Is Harold Camping Deceitful or Delusional?

This past Sunday’s night “God at the Pub” discussion centered around Harold Camping, the return of Jesus and the end of the world. It was an excellent night and I hope to blog a bit of our conversation in a couple of posts.

Why would you go so far out of your way to predict the end of the world?
If you are wrong, you have not only embarrassed yourself, everyone you are associated with and the Church. And while I am not sure you can embarrass God (I mean can God really blush?), I do feel such antics do bring embarrassment and shame in the eyes of non-believers. Further, if you are wrong, you have created fear, maybe even panic, watered down your message and as we seen, become a punchline. It should also be noted that he’s not speaking for the Church, he is actually saying that Christians need to leave the church (and this is partially why he claims Jesus is coming). The one blessing is that he is disassociating himself from the Church.

So the question needs to be asked – why do this?

Is Harold Camping Deceitful?
The most common assumption for the campaign and possible deceit is money.
But as that relates to Camping, he is already wealthy. In fact, he is so wealthy that he (or his ministry, Family Radio) spent $3 Million on this campaign! He’s 89, how much more money does he think he needs? Further, 89 is an odd time to swindle. So I don’t think he is financially-motivated.

Is Harold Camping Delusional?
I understand that this is a potentially an offensive question but baring the facts, I think it must be asked. To some extent, Yes, I do think Camping is delusional. I do think it’s partially his age. But I also think that he is so desperate to leave a legacy that he is willing to create any type of attention to have it. He’s looking back at his life, he’s not satisfied and wants to be remembered.
I picture a few things:
1. He’s inspired by Donald Trump’s playbook – any hype is good hype.
2. He has surrounded himself with either a circle of “Yes Men” or created a system where there is no accountability or council.
3. He looks at old pictures, contemplates his labor and desperately wants to be remembered.

So I do think he is a bit delusional at this point. But after a careful look at his website, here’s why that isn’t a satisfactory answer either. His website (though completely aesthetically hideous. Should have spent some of the $3 million here) is a huge apologetic to his thesis. Meaning he’s not some old guy just rambling on the air (like a senile version of Rush Limbaugh) – he’s thought his argument through and I think he’s being a bit deceitful. If you have listened to him speak, he does seem to have some sense of self-awareness left (some). He is trying desperately to persuade and this is different than a prophet. The prophet proclaims “to whoever has hears” ear but this televangelist is a salesman and he has a pitch to win you over.

What Happens When His Prophecy of Jesus’ Return Not Happen on May 21st?
I guarantee you that Camping has not cancelled his routine doctor’s appointments next week. And while it’s humorous to think that he’s house-hunting in Pakistan (They’ll never of looking here again”), he’s old, he can’t run, not even emotionally – He’s not going into hiding.

This is tenth prediction, he knows he will be forgiven, this time he’s holding on to hope that he won’t be forgotten. That’s his worst fear and that’s why he is being delusional and bit deceitful.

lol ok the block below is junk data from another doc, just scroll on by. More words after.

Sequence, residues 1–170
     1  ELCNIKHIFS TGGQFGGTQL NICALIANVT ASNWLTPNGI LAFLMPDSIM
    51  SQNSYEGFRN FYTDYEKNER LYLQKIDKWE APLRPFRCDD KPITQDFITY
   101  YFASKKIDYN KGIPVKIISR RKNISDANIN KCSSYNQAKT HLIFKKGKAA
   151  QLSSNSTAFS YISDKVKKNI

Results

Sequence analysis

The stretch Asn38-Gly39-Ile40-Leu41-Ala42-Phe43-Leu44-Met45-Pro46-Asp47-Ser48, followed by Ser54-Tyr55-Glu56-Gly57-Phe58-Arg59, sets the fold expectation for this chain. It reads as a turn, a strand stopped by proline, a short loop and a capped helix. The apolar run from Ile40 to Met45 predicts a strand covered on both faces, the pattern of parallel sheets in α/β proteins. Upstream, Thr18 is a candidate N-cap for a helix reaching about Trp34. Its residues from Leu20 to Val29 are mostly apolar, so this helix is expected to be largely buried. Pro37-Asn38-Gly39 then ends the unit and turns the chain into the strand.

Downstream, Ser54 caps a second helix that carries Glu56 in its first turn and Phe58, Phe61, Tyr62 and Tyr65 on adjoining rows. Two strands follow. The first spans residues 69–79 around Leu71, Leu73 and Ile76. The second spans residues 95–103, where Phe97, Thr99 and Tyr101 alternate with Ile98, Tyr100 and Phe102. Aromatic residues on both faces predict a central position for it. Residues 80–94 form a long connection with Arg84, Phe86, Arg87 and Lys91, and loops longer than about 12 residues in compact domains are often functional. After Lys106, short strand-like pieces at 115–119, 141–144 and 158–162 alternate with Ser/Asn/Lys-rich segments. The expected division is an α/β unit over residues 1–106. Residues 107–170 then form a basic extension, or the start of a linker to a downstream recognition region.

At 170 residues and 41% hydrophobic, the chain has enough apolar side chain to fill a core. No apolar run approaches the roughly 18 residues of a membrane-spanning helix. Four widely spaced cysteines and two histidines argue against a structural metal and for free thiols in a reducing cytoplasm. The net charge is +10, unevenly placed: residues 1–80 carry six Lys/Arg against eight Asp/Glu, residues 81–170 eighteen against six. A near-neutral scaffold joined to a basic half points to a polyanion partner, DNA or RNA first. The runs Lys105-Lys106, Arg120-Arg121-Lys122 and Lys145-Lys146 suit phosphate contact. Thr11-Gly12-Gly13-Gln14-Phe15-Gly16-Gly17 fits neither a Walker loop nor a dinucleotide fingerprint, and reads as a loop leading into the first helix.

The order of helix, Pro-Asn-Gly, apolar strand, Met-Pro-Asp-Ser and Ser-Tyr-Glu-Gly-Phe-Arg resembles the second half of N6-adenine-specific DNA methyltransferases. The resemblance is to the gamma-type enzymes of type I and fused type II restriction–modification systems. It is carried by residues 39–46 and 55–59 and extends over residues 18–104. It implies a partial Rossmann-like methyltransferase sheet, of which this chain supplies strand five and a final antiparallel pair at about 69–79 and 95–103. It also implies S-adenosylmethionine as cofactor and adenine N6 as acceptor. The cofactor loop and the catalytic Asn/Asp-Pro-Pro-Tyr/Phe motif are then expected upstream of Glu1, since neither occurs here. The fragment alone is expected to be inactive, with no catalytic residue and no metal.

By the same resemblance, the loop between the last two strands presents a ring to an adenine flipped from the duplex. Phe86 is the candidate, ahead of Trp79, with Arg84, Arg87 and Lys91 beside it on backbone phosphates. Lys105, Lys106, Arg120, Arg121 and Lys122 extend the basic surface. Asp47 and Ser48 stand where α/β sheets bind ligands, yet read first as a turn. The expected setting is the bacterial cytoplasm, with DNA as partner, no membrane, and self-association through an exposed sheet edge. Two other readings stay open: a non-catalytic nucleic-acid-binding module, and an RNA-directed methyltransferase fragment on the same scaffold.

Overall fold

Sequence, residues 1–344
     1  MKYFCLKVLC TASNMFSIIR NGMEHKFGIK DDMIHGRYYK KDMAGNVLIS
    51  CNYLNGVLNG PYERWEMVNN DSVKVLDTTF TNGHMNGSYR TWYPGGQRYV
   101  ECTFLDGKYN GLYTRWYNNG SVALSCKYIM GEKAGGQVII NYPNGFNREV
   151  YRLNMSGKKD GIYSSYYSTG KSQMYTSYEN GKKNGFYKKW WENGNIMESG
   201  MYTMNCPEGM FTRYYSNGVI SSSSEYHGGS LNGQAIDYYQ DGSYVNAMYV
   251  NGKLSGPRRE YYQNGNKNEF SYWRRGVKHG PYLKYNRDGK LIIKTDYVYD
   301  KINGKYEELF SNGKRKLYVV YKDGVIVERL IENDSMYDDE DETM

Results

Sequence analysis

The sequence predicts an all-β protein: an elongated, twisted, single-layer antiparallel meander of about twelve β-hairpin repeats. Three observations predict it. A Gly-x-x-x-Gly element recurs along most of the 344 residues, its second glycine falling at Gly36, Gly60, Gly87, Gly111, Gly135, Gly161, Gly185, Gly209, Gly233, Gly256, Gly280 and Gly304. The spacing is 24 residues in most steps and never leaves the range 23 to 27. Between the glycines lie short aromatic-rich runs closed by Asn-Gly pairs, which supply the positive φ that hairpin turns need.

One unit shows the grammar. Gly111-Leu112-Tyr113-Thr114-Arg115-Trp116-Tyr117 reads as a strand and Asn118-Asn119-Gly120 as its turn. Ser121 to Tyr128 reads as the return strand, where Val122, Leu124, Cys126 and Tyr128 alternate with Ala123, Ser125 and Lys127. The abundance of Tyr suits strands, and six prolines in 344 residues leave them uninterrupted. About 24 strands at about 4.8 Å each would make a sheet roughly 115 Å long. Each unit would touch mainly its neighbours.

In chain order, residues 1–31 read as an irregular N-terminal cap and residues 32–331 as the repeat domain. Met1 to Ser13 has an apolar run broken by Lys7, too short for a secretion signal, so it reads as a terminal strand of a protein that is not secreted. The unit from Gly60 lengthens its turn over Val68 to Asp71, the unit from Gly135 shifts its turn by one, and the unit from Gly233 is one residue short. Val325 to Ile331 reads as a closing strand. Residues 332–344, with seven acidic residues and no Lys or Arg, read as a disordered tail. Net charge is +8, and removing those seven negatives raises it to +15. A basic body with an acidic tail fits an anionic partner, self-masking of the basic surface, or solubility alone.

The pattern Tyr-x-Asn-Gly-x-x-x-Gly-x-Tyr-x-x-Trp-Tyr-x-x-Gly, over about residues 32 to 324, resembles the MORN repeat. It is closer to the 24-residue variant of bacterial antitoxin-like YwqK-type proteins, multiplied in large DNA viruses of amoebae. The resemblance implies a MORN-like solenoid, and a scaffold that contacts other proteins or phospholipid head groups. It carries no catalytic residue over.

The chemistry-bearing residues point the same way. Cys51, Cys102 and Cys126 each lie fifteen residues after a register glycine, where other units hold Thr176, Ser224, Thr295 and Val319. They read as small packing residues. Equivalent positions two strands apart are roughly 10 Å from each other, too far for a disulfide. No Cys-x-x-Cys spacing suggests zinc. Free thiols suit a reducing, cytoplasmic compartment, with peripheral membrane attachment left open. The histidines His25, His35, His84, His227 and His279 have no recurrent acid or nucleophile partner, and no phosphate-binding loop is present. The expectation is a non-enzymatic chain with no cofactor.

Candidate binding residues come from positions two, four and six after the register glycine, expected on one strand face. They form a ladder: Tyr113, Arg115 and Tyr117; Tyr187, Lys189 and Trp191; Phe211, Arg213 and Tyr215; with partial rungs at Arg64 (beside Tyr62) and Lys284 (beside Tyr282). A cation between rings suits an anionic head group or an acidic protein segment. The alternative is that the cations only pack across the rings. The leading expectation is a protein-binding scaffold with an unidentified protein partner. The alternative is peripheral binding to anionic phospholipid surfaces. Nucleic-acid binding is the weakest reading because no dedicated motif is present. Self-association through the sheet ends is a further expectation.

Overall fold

1. It is sad the amount of people who have bought into this. Will Harold Camping apologize for misleading them? When will everyone admit he is a false prophet (in the sense that he said something is going to happen and it didn’t)? I will apologize on May 22nd if May 21st is the end, but will he if it’s not?

    I do think he has canceled (or at least purposefully not scheduled) doctor appointments next week because he actually believes it. I’ve heard of people selling their homes, those diagnosed with cancer rejecting treatment, and so forth because of this belief.

  2. The Slothful One says:

    I remember when he did the same thing in 1994. If I may be so bold as to say, you guys really need to rethink this whole rapture thing. Its a concept completely alien to the whole of Church history and is the most pernicious teaching of the modern American Evangelical Church.

  3. @Evan. The more I am understanding him, the more I am less inclined to think that he will apologize. I expect him to come back on the air immediately and offer either another prediction or a blaming the unfaithfulness or lack of belief of the church for why Jesus (and the earthquake) didn’t come.

    @ Mark. Fair point indeed. It’s really only been Evangelical Protestants of the last 70-80 years though. Most mainliners (like Presbyterian, etc.) don’t subscribe to the belief of the rapture.

  4. Great points, Tim. Thanks for posting. There’s been a lot of discussion at work about this by the students. Some are confused, some think it’s a joke, and others asked me if they should be scared. :(

  5. The Slothful One says:

    A blog I recently visited stated it best,

    “The Tribulation is for Christians to save in, not to be saved from.”

  6. Hey Laura, thank for reading. Yeah, I have seen similar in many young people too.

    @Slothful, I like that idea. The more recent post describes Jesus’ return as a good thing and hopefully as Christians, we would share our hope with those outside the church rather than fear and panic.

  7. This is a complete hoax and we are going to live tomorrow and everyone that is believing this guy is stupid and needs to go beg their job to let them come back on and find a place to stay and get their life back on track. Do you all understand what I am saying to you. The world is going to be completely okay and I am going to sleep now and enjoying my day tomorrow. Goodbye…Happy Rapture Day!!!!!!!

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